A case in point is the issue of identity, whose traits—attained via inherent familial, communal, and national belonging—the nihilists rebut.  They claim that like any “cultural construct,” identity can be deconstructed and replaced with any self-suiting, newly forged persona.  Having long struggled against “oppressive infringements” on one’s right of self-definition, postmodern nihilists have scored a vital victory, for the concept of casual identity reinventions has enabled the individual to become entirely disinherited from his core self.  Only a “white male oppressor” is trapped in encoded guilt; the progressive judgment flouts his humanity and curbs his identity into a gadget of “systemic racism.”

The environment of negation in America drained and left millions – particularly the vulnerable youth – with little which cannot be deconstructed or nullified.  Teenagers and young adults are “losers” in the literal sense of the word, and they are angry—at their parents, who failed to empower them with values; at their semi-literate and confused school teachers, who beg for respect and coach students to respect nothing; at their cynical professors, who laugh away the pursuit of truth, vital to any meaningful intellectual pursuit, and wave college graduates off to adult life with a farewell message that life is meaningless.

Like their peers in pre-revolutionary Russia, young Americans are famished for a credo to fill the yawning inner hollowness.  Postmodernism cajoles them into joining the cohort of the sophisticated, with the only prerequisite being integrated nihilist vitriol, sanctified with politically correct buzzwords.  This affiliation offers a sense of belonging and illusory values to the vulnerable victims of politicized demagoguery, totalist as they come.  “The ideal subject of totalitarian rule is not the convinced Nazi or the convinced Communist, but people for whom the distinction between fact and fiction… between true and false… no longer exist,” Hannah Arendt writes in The Origins of Totalitarianism.  An attractive bonus for joining the nihilist ranks is the opportunity to redirect the accumulated inner rage towards designated external enemies.  Archetypical targets, condemned and selected for attack, are the Jews.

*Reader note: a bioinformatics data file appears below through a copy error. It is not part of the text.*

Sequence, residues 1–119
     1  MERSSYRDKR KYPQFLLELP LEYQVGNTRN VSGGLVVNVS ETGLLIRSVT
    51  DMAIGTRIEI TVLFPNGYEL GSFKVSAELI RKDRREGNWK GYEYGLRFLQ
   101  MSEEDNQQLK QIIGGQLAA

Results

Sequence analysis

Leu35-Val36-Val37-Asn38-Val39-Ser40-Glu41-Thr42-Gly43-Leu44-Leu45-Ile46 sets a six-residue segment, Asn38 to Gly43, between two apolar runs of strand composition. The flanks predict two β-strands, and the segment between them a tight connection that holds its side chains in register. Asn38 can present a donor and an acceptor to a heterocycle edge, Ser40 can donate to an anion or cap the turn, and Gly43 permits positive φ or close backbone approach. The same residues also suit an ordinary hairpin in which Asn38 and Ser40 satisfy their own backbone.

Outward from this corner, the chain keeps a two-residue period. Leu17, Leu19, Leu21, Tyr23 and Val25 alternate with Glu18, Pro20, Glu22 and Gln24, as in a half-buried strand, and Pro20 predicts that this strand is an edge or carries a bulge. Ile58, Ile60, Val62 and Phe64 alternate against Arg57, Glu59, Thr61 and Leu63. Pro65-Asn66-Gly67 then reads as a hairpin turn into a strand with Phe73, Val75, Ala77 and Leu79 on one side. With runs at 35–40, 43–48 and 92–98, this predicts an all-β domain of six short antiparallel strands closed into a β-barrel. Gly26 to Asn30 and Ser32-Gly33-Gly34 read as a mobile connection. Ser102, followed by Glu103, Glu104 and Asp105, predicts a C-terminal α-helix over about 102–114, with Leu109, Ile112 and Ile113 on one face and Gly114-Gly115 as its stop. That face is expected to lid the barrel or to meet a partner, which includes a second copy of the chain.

Progressive Antisemitism

The moment of truth came in a landslide in the wake of the October 7 Hamas massacre in Israel, the most devastating mass murder of Jewish civilians since the Holocaust.  At stake in the ensuant war with Hamas is the future of the State of Israel and the Jewish people in general; for their very being – rather than an unresolved land conflict — is the cause of violence.  The jihadists’ raison d’être is the resurrected Nazi aspiration to annihilate the Jews, prioritized (just as it had been for Hitler and his cohorts) as the primary objective in their ongoing fight against democracy for global domination.

No reports or visual images have adequately conveyed the wholesale bloodlust of the October 7 slaughter.  It was as if barbarism had been resurrected in its undiluted form, having shaken off centuries of civilizational development. The nation’s pain resonated in the Diaspora as a shattering insight: the anguish Jewish grandparents had suffered in the bygone and almost fictional past has returned to haunt their grandchildren.

Concurrently, the butchery triggered a worldwide avalanche of hostility towards Israel and the Jewish world.  “Gas the Jews,” chanted protesters at Australian rallies.  Across Europe, terrorist supporters carried Hamas and ISIS-like flags and called for jihad.